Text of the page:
1. Do I really need a CV?
Most employers today will ask for a CV in accompaniment to any application forms you may be required to complete. It is useful to maintain an up to date CV even if you don't think you will have much use for it. It is a record of everything of note that you have done in your life.
2. Is there a correct way to do a CV?
A CV is, by nature, specific to its writer. The form it takes is dependant on the path you have taken in life, and the jobs that you are applying for. The aim is to highlight your strengths and try to stand out. Show prospective employers why you are particularly suited to work for them. Remember though, that an unconventional CV can be a tad risky. Try to keep in mind the kind of employer that will be likely to read your CV.
3. What do you mean that my CV is dependant on the jobs that I am applying for?
Obviously, someone applying for a research position in a science laboratory will try to show different qualities to someone who wants to work in retail. The first will probably emphasise educational achievements while, for the second, it would be more effective to highlight previous work experience in similar positions. If you are applying for jobs in different fields, it is a good idea to have more than one CV so that you can cater to the specific requirements of each job. The aim is to portray yourself in different, but equally truthful lights.
4. How much detail should I go into?'
Chances are that if you think about it, you have achieved more in your life than will fit on 1-2 sides of A4 paper. An employer does not want to know everything you have ever done though. Only put down the things that you think are most relevant to the job. Try to think of the specific requirements for each job, and whether you have done anything which showed similar qualities. As a general rule of thumb, you don't need to provide educational details of anything before GCSE. Only include your most relevant/recent jobs, skills and activities
5. How much am I allowed to 'bend the truth'?
Your CV serves as part of your contract of employment. This means that if an employer finds it to be incorrect or untruthful, they are within their rights to terminate your contract. The aim for anyone writing a CV however, is to portray themselves in the best possible light. It is within your interest to accentuate your strengths and highlight your positive characteristics. Similarly, in the case of bad exam results or gaps in employment, it would be prudent to offer less coverage or to try and provide a positive slant. If you don't think it is directly relevant, omit it from your CV but be truthful about it if asked at interview.
6. How long should I make my CV?
Unless an employer states otherwise, an ideal CV should be no more than 2 sides. For layout purposes it is sometimes best to keep it to a single side. Nothing is worse than a lot of blank space on the page. For further information, see the layout tips in the article "How to Write the Perfect CV".
7. So far, all of my working experience has been in one field, but now I want to branch out, or try something completely new.
Read the following phrase and repeat: "Transferable skills." Make this your new catchphrase. Although you may not have worked in a specific field before, it is almost certain that you have done things in your workplace that will be directly relevant. Meeting deadlines, working under pressure, working as part of a team, delegating tasks effectively to others, dealing with the public, using computers and emails… and so on and so on. Even the most menial of tasks is probably more useful to you than you may initially think it is. This may take a lot of thought at first, but presenting your experiences in a way that shows them to be relevant is a useful skill in itself!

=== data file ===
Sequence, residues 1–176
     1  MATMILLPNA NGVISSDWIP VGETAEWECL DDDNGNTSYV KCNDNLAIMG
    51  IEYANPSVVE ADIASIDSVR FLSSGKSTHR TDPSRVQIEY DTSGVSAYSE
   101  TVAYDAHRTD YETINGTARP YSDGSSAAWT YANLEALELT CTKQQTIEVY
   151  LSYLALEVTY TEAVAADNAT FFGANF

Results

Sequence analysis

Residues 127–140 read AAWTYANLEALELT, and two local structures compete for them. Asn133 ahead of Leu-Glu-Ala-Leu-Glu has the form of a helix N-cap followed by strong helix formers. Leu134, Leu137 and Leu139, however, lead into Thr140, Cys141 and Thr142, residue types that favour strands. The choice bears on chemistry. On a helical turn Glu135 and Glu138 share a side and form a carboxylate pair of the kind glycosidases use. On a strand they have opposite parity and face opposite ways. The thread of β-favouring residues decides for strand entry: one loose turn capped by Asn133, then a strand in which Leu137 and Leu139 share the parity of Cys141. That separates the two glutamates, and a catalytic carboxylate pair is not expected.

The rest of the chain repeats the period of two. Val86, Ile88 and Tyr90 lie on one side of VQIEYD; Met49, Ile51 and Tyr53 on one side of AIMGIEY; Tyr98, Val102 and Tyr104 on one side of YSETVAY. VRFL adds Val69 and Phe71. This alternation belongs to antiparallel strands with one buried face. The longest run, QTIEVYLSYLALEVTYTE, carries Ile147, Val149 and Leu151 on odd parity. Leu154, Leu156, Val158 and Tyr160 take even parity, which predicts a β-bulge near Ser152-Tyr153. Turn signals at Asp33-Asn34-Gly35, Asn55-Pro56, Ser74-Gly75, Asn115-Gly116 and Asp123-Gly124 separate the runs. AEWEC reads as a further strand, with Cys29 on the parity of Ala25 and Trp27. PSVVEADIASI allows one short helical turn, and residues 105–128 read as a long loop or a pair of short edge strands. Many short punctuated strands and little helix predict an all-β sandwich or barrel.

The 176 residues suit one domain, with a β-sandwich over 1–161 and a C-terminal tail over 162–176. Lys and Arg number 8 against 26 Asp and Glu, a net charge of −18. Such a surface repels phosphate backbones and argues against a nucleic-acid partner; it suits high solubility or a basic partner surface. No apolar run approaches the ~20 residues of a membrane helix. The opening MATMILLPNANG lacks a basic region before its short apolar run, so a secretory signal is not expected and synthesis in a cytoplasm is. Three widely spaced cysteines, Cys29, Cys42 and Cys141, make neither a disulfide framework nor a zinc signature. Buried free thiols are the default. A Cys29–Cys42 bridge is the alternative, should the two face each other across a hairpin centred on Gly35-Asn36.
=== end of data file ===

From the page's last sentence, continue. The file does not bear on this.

8. Quite the opposite – my career history is a mish-mash of different, unrelated jobs. What should I do?
Try to identify skills you have displayed at each job. Perhaps you have always dealt with customers, whether face to face, on the phone, or over the internet. This is all evidence of your communications skills. Similarly, you may find that the different jobs you have had are more related than you first thought.
9. This is my first job, so I have no previous work experience. What should I write about?
Highlight educational achievements as well as your skills and interests. Find situations in your personal/social/academic life in which you have made a contribution, or shown off some positive qualities. Captaining a sports team for example, is a good instance of a position of responsibility. Everyone has done at least something that can be shown as productive.
10. How many references do I need? Who should I choose?
Generally speaking, it is best to provide 2 references. It is useful to provide an academic reference if you can. This can be a teacher, tutor or lecturer. Otherwise provide a reference from your latest or current employer. It is fine to ask for your employer not to be contacted yet, and you can request to be informed before contact is made. Still, if you would prefer not to use a referee from a previous job, be prepared to explain why. Your second referee can be a personal witness, someone who knows you outside of work. Although you cannot use any relatives, it is perfectly acceptable to use a family friend, ideally one of "professional standing". Remember to ask permission before using someone as a referee and provide them with a copy of your CV. Let them know what kind of jobs you are applying for, and keep them informed of your progress. If you do not, they may not give the best references.